DFSORT Processing SMF Records

(Originally posted 2005-02-18.)

It’s going to sound like the only thing I talk about is DFSORT. While that isn’t entirely true I am currently updating my “What’s New With DFSORT?” foils. And it made me think about processing SMF data…

In our internal analysis processes we chuck SMF data around quite a bit, whether subsetting it or actually mangling the records. In this entry I want to talk about subsetting – as most people have some other means of doing the actual mangling.

For a while you’ve been able to use the TMx and DTx formats to extract meaningful information from SMF Timestamp fields.

(Actually our process hasn’t caught up with this – we still have a REXX Exec that creates DFSORT statements from human-readable timestamps. But I digress.)

So you could code something like:


Although the above is a reformatting it illustrates a couple of points:

  1. You can use DFSORT Symbols to map (the front of) SMF records
  2. You can process the timestamp fields into something a little more readable.
    • The SMFDATE field will be reformatted as DT1 (Z’yyyymmdd’) field, which you can post-process.
    • The SMFTIME field will be reformatted as a TM4 (Z’hhmmssxx’)field.

One of our bugbears with IFASMFDP has been that if you want to specify a time range it applies to all the output destinations. We might want, for example, to send all the RMF data (SMF 70-79) to one data set and only a single day’s worth of CICS CMF data (SMF 110) to another data set. While I think you could do it with an exit it’s cumbersome.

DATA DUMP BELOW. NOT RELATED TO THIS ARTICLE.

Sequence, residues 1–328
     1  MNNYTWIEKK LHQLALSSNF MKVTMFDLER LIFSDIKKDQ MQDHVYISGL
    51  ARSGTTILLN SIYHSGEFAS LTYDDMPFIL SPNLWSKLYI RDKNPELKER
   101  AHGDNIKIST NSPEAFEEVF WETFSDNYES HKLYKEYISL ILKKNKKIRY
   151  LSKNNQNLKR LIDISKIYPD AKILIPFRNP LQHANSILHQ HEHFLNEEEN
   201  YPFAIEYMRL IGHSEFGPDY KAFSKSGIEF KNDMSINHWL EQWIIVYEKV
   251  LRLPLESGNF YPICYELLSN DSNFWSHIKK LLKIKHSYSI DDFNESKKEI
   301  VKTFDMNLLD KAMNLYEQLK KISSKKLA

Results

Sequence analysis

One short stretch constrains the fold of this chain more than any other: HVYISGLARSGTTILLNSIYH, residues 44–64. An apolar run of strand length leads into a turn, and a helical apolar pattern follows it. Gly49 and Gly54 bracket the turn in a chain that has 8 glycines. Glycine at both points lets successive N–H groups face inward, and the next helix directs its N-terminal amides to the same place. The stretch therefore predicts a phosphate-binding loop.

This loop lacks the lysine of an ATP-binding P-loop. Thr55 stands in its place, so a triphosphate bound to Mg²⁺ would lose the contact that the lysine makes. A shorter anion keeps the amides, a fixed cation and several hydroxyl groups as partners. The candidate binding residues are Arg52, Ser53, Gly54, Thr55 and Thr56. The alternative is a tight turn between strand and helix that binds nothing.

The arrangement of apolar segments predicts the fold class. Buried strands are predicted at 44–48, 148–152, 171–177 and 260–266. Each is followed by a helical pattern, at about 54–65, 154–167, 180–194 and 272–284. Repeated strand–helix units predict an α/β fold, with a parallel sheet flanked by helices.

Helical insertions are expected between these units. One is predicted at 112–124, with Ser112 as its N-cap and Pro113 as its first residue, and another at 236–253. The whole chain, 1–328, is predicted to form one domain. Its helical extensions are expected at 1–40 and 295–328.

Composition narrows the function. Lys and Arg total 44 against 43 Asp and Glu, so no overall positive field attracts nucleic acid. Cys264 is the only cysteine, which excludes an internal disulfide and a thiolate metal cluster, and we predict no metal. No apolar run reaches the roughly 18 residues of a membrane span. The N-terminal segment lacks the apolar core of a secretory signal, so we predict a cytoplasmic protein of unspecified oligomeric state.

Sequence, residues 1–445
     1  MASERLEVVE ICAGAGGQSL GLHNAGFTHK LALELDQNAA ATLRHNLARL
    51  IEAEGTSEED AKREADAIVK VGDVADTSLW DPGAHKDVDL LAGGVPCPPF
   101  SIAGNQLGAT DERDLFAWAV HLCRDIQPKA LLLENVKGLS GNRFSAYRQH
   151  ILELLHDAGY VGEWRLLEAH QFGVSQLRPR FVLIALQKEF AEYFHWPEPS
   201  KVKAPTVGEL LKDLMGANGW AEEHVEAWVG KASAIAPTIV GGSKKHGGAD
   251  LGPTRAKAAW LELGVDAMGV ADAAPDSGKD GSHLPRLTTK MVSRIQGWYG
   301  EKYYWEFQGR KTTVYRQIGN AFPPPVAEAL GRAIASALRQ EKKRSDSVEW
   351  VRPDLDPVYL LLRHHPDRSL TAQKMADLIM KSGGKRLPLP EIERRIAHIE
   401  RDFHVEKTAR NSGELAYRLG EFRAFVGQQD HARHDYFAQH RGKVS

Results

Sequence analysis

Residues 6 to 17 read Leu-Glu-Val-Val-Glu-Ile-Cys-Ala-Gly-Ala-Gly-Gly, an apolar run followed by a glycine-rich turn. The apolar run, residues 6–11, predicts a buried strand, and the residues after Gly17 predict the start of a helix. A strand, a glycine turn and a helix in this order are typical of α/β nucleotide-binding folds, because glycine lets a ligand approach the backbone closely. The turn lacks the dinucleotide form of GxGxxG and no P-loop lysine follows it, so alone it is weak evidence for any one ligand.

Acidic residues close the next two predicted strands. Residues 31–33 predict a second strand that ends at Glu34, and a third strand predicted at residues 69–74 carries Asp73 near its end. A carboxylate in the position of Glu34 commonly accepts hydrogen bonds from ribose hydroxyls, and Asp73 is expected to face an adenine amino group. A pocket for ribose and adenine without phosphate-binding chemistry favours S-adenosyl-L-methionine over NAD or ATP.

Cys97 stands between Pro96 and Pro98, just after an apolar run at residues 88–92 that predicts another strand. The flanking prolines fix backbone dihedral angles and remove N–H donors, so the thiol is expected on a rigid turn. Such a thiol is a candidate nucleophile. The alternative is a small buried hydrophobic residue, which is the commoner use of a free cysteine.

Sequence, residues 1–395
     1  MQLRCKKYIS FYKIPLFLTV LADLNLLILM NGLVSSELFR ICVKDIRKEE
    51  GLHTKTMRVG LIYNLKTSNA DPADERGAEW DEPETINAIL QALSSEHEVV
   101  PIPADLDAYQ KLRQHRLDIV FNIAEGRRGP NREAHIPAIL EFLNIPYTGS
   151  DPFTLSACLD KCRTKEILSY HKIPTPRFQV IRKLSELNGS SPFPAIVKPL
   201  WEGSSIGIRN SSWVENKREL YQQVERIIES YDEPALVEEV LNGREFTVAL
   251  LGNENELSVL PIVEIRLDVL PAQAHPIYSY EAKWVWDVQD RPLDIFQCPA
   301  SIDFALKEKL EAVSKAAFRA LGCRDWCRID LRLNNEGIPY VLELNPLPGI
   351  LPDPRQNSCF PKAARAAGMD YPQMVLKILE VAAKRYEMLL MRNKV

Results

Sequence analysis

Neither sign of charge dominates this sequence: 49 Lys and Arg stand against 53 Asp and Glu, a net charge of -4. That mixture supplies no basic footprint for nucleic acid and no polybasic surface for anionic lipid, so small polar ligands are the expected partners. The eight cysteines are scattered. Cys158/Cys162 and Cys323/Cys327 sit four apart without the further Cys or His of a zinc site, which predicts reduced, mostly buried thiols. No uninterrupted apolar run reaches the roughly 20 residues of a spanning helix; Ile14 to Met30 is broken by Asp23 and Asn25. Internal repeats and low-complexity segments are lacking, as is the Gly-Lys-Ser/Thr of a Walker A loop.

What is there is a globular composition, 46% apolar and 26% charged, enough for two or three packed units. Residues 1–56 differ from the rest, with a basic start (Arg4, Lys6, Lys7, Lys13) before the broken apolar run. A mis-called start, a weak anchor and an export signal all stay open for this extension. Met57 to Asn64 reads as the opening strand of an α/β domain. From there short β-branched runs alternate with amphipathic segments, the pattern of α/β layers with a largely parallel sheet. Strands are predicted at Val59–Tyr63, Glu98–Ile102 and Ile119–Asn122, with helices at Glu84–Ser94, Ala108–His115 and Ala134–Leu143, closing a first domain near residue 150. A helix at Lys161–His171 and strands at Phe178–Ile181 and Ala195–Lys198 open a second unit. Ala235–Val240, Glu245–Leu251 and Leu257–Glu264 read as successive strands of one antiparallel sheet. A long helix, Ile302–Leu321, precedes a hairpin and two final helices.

With DFSORT OUTFIL you could write to two separate destinations, specifying totally different conditions…

* Syms mapping original record
* Syms for use after INREC
_ORIGINAL The original record stuck after the prefix

The final OUTFIL statement uses the SAVE parameter to ensure all the records thrown away by the previous OUTFIL statements are written to the "OTHER" DD.

This example looks much more complicated because to use the SMF D/T values you have to reformat them. I've stuck them into a "prefix" which the OUTFIL statements strip off. So really long records won't work with this technique. (So you have to treat the date and time as BI and PD instead.)

The underscored symbols map the record after INREC has been used to apply the prefix. I use this convention to make it easier to handle INREC "invalidating" the original symbols: The fields move but the symbols don't change to handle that.

Actually I can't resist telling you about one "mangling" feature of the latest PTFs (UQ95213 and UQ95214):

In a lot of records, whether GTF or some of the timing fields in DB2 Accounting Trace (SMF 101), the values are stored as 8-byte STCK values. You can format these using new types. In fact when designing this I suggested both STCK and STCKE (the new format). So using DCn, TCn, DEn and TEn formats you can extract STCK Date, STCK Time, STCKE Date and STCKE Time, respectively.

In the first instance I think this is going to be more useful for formatting GTF records (as their timestamps use STCK format). (Actually I have some prototyping code that flattens SMF records out so DFSORT can process the data fields and so I may well be using STCK formats in prototype analysis, particularly if records are sent to me broken.)

Published by Martin Packer

I'm a mainframe performance guy and have been for the past 35 years. But I play with lots of other technologies as well.

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